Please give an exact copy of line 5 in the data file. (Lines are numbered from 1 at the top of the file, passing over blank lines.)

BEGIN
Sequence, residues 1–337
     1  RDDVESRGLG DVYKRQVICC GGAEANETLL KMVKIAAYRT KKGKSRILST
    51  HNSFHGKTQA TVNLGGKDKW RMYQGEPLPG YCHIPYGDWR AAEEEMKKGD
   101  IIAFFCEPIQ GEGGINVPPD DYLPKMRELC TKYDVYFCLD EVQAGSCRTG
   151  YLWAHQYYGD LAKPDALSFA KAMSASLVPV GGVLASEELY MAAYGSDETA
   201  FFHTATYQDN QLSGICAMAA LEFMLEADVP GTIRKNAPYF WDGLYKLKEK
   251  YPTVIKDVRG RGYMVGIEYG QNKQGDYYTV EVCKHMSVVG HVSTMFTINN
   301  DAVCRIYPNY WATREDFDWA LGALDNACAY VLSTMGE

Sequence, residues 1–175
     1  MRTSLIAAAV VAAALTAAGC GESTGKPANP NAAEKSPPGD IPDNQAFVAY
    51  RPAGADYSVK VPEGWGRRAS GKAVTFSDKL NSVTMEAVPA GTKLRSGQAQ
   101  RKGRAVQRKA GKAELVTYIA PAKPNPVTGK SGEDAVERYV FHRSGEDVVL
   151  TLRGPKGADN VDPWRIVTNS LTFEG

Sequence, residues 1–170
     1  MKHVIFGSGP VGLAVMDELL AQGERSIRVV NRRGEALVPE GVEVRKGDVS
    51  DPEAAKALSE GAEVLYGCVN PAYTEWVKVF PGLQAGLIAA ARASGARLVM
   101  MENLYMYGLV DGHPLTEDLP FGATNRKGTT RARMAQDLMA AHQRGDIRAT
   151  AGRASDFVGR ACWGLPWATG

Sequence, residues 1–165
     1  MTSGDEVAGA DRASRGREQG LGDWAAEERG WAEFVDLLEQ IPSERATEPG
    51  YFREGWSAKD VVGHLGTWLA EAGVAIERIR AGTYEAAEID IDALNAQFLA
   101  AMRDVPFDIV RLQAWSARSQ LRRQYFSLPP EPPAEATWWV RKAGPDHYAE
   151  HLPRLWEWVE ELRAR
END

   151  YLWAHQYYGD LAKPDALSFA KAMSASLVPV GGVLASEELY MAAYGSDETA